Judge Dan Mancini's liver is drenched in Ripple.
Come away with me and I will write you a song.
Norah Jones arrived on the scene in 2002 with "Don't Know Why," a sultry jazz-pop ditty that went from chart-topping novelty hit single to "enough already" radio airplay ubiquity to Record of the Year- and Song of the Year-winner at that year's Grammy Awards. Her youth and cute-yet-slightly-exotic looks raised some music critic hackles over the Grammy wins because many assumed she was just another in a long line of flash-in-the-pan bubblegum chanteuses whose fall into obscurity would be as rapid as her rise to fame. Whatever false impressions and reflexive backlash Jones's quick vault into the pop culture spotlight might have created, her debut CD, Come Away with Me was released by Blue Note Records, a storied jazz label not exactly known for signing Sarah McLachlan clones or teen-pop cuties who tinkle amateurishly at the piano and license their hit singles for television commercials. Indeed, Jones's two follow-up CDs—2004's Feels Like Home and 2007's Not Too Late—have proven she's the real deal.
Though she hasn't repeated her pop chart success, each new CD has been better, more musically sophisticated, than what's come before. And she's become one of the best sellers in the history of her label. In true Blue Note spirit, her relatively short career (so far) has been an exercise in growth and exploration (it is a label, after all, whose catalog dates back to 1939 and includes releases by nearly every jazz luminary). Instead of returning again and again to the tiny sandbox of jazz-pop, Jones has explored everything from country, to rock, to soul, to roots music. Her voice and piano playing have become more mature, confident, and skilled. Accompanied by The Handsome Band—Lee Alexander (bass), Andrew Borger (drums), Adam Levy (guitar), and Daru Oda (alto flute, harmonium, percussion, and piano)—her live performances have grown richer and more confident.
Jones's first concert DVD, Norah Jones: Live from New Orleans was released in early 2003. It found the singer working her way through the songs on her first album with a stilted professionalism. The musical delivery was solid if uninspired. Jones herself appeared deeply uncomfortable in front of the audience. Captured on the Austin City Limits stage on June 14, 2007, Live from Austin, Texas presents a different Norah Jones—one who is entirely comfortable though still soft-spoken and demure.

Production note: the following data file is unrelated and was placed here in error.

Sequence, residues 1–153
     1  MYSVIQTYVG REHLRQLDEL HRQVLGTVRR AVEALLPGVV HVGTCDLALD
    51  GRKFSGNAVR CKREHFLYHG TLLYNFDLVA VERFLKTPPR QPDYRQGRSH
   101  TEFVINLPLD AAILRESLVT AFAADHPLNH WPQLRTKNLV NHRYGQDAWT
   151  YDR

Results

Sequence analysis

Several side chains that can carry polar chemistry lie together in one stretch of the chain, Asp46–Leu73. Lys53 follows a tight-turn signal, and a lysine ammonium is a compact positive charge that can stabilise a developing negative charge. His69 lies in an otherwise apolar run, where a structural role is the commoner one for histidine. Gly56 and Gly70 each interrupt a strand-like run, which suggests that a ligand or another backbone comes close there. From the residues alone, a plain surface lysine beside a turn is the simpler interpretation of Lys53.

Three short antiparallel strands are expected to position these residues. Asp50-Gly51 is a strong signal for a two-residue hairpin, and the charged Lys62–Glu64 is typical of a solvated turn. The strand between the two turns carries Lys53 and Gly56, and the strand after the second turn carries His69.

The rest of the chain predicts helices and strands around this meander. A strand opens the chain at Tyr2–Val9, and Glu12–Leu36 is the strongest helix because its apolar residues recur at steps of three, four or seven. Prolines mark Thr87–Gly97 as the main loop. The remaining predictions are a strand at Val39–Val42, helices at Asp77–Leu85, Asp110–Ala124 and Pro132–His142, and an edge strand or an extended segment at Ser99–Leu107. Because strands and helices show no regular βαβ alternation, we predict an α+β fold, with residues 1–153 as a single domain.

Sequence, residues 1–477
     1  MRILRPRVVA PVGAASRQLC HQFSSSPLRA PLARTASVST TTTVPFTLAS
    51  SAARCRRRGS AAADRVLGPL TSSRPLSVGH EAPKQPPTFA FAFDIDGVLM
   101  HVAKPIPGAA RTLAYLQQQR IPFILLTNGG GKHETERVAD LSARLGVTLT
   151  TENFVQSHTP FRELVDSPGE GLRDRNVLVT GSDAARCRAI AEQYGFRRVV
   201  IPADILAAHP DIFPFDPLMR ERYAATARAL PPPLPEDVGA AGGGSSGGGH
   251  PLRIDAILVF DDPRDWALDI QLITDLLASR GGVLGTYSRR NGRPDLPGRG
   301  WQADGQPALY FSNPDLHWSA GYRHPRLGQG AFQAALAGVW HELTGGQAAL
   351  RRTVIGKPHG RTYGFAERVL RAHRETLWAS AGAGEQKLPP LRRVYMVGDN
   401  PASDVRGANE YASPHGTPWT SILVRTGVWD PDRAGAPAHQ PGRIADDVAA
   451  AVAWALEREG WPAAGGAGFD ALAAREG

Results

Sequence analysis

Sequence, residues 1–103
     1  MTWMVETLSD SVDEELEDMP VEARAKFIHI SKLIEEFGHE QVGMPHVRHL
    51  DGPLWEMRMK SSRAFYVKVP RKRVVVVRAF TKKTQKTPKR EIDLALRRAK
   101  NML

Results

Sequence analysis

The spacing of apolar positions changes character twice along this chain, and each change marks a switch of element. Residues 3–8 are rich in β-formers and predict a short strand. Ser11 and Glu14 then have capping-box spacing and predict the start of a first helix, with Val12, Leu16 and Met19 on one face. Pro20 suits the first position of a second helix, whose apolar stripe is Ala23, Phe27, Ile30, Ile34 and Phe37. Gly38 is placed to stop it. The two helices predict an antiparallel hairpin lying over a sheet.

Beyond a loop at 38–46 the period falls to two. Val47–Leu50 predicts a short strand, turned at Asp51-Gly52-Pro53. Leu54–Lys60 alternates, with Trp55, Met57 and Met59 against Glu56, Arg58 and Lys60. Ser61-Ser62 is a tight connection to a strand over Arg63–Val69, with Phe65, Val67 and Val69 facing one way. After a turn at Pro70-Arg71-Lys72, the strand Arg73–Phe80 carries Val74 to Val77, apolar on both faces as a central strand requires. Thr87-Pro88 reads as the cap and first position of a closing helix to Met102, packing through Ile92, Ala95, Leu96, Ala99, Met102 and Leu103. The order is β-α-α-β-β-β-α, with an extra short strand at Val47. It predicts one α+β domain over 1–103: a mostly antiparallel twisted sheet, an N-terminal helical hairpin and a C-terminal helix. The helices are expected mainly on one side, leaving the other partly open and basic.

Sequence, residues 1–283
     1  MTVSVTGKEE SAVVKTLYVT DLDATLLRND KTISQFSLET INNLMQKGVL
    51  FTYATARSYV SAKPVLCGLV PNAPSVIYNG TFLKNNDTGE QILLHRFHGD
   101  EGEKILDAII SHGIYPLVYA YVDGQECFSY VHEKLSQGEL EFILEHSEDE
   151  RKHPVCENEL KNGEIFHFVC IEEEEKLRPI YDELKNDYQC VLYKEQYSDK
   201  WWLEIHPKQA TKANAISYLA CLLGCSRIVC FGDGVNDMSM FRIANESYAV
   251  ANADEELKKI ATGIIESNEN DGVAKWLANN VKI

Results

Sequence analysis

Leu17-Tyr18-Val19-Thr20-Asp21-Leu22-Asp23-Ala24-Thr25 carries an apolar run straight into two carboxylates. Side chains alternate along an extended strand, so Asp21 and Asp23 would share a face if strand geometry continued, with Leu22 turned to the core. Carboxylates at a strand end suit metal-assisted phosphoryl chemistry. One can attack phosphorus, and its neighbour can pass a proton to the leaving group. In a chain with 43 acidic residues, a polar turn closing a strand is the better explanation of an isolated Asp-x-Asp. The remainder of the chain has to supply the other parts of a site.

Jones and the band offer up 18 songs. Most are originals, though solid covers of Tom Waits's "Long Way Home," Roy Orbison's "Blue Bayou," and the William Callery-penned "Hands on the Wheel," made famous by Willie Nelson, are also included. The performances of Jones's original songs are expansive compared to the studio versions. New arrangements provide more space for the band to solo without wandering off into incoherent jam-band noodling. The overall vibe of the show is low-key. Jones's voice is rich and evocative, losing nothing in the live venue setting. Her piano playing is impressive. In addition to strong back-up by The Handsome Band, she is joined by trombonist J. Walter Hawkes on "Sinkin' Soon" from Not Too Late, and by singer-songwriter M. Ward on "Creepin' In" from Feels Like Home as well as "Hands on the Wheel" and "Blue Bayou." Hawkes's playing is rock solid and Ward's voice proves a strong complement to Jones's.
If there's a problem with the performance, it's one that plagues modern jazz in general: The playing is a bit too practiced, professional, and smooth. There's none of the risky rough-around-the-edges playing that characterized jazz during its exploratory heights in the '50s and '60s. Once upon a time, jazz was as dangerous as punk rock. Now, it's mostly the habitat of prodigiously talented but too-mannered hipsters in turtlenecks, tweed jackets, and designer shades who feed their families making union scale as session players required to deliver notes with cool, detached precision. The Handsome Band is a talented group of musicians, but they make the performance look perhaps a bit too easy. Their confident professionalism is admirable, but would benefit from more passion.
Norah Jones: Live from Austin, Texas looks and sounds spectacular on DVD. The image has the deep-focus clarity we associate with shows shot in high definition. Presented at a downgraded 480p resolution, it still looks grand. Colors are accurate. Detail is as sharp as the format allows. The image is framed at 1.78:1 and enhanced for widescreen displays.
The disc offers two audio options: DTS 5.1 surround and PCM stereo. Both are impressive—clean, full-bodied, and with enough natural room ambience to capture the vibe of a live gig. Even though I often find the mixes on PCM tracks more satisfying on concert discs, the DTS is the better of the two presented here. Instrumentation, vocals, and crowd noise are perfectly seated in the mix. The best audio mixes for concert DVDs allow the listener to become absorbed in the performance without being consciously aware of the aesthetic qualities of the mix itself. This is one of those top-notch mixes.
Norah Jones: Live from Austin, Texas offers a fine musical performance, ideal for a mellow night at home with a good bottle of wine (or two). It won't make you get up and boogie, but it'll delight your ears.
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Scales of Justice
Studio: Eagle Rock Entertainment
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